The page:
Killing me softly with his song.

Her blood, the sound of her head hitting the pavement.

Killing me softly with his song.

It was like he knew me. Like he had been me for the past six years. Like he had been with me when she died. Like he knew everything that I was.

Telling my whole life with his words.

Like he had known all my pain.

Killing me softly with his song.

The idea of someone else knowing that made me sad and nervous. And the thought of a God helping me with my grief made me angry.

I felt all flushed with fever.

My savor stood next to me. As tall as he was proud. He knew how I felt, the same had happened to him. He made me feel weak, needing this song, even for a moment.

Embarrassed by the crowd.

The boy continued. The words he sang seemed like they came from my diary; had I ever kept one.

I felt he found my letters and read each one out loud.

I began to hate the song, and the young African American boy who sang it for me. I hated how he had dived into my life, my heart.

I prayed that he would finish. But he wouldn’t stop singing.

But he just kept right on strumming my pain with his fingers.

He kept on singing my sorrow from the past years. Turning pain into music.

Singing my life with his words.

He made my heart ache, my mind spin.

Killing me softly with his song.

I was about to faint.

Killing me softly with his song.

That boy knew me.

Telling my whole life with his words.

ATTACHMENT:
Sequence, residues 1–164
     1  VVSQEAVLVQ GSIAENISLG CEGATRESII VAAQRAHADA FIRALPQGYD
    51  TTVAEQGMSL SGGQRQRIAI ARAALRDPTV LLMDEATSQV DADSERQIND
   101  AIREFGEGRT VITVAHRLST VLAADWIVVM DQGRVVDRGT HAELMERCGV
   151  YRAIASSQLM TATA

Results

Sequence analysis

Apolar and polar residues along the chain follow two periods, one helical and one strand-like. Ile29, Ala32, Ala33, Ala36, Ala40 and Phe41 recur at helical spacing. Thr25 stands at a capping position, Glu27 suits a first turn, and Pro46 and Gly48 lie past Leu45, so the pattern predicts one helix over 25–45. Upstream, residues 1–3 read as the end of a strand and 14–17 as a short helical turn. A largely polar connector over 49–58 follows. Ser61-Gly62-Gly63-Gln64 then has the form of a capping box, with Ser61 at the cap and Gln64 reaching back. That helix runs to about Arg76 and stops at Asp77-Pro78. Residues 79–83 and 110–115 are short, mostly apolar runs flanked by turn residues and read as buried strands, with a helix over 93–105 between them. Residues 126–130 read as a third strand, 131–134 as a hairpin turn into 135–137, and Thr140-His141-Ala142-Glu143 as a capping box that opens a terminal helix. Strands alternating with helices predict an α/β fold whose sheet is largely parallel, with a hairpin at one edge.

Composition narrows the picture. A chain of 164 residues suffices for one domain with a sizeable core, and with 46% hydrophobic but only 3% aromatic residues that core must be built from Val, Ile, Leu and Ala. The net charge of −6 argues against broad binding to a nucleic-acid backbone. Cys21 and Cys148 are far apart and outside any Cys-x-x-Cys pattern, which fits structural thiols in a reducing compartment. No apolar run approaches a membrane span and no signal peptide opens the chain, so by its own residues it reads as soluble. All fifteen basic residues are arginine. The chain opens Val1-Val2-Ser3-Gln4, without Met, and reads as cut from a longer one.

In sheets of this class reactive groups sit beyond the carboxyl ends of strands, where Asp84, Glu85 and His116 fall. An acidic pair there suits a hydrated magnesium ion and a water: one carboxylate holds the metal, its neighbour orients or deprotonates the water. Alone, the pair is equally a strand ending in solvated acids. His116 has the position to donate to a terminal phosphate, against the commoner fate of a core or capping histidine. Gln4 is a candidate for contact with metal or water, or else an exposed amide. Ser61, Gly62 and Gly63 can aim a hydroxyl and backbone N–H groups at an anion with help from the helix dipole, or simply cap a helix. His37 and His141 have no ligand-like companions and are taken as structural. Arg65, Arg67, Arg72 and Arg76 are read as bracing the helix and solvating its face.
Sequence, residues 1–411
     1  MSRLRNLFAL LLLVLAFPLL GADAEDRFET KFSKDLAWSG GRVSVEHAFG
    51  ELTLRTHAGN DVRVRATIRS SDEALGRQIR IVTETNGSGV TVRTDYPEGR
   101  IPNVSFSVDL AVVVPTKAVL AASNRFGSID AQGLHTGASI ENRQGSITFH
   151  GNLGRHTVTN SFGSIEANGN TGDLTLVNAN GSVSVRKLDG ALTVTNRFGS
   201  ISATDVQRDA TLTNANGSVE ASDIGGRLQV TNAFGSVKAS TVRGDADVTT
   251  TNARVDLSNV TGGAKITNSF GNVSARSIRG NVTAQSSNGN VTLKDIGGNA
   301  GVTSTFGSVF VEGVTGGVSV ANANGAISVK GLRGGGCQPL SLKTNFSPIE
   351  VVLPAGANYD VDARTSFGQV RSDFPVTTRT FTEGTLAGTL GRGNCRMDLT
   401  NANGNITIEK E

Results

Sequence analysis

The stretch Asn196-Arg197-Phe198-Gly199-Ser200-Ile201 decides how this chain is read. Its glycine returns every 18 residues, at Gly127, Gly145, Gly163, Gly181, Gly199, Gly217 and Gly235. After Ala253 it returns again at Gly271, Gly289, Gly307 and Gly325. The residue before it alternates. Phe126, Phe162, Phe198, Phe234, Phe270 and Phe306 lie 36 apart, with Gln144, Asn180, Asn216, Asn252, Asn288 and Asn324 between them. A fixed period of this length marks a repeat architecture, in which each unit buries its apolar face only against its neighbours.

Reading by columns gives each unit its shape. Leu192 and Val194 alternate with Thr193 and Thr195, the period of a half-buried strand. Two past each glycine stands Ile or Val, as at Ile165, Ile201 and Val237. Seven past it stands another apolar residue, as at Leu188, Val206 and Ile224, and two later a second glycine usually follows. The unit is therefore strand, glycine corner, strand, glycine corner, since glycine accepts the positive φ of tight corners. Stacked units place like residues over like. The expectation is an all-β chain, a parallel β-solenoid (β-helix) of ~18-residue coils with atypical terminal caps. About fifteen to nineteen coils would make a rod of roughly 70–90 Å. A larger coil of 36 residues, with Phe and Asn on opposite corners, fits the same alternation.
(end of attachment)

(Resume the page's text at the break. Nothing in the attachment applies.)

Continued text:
And I knew him. No one could sing that song so well unless they knew grief. He and I were the same despite our differences. We were the same.

“Killing me softly with his song,” Terry finished reading. He stood by Emily’s bed and she sat on it. He just surveyed it with his eyes then looked at her, amazed.
“You like it?” she asked.
“It’s so moving. Did this really happen?”
“Yea. Most of it is lyrics from an old song, by the, ah, The Fugees. Isaac loved those old type bands.”
“The boy, we became friends.”
“Hmm. I hate to burst your bubble, but I think she said something that’s happened recently.”
“I know. Tomorrow is the anniversary of his death.”
“His death!”
“Yes. Isaac died two years ago, he got hit by a bus.”
“I’m sorry.”
“I’m not, not really. Isaac was very religious, and he led a very cruel life. I’m sure he’s happy walking with his god.”
“I bet he’s happy his god didn’t want him to be circumcised,” Terry said. Emily laughed.

“I didn’t see you come in.”
“Sorry. That’s a very sad song.”
“My father wrote it, he wrote songs.”
“Were they all so sad?”
“No, this one he wrote right after Mamma died.”
“I’m sorry to hear that. My mother is dead too.”
“Mine died of cancer.”
“Mine was stabbed.”
“We live in sad times.”
“And we have songs for it. Hi, I’m Emily.”
“I’m Isaac.”
“You sing very well.”
“Thank you, do you sing?”
“I try.”
“Come on, I’ll teach you a song. A nice one this time!”

Dedicated to Darnell Smallwood, that guy knew how to smile.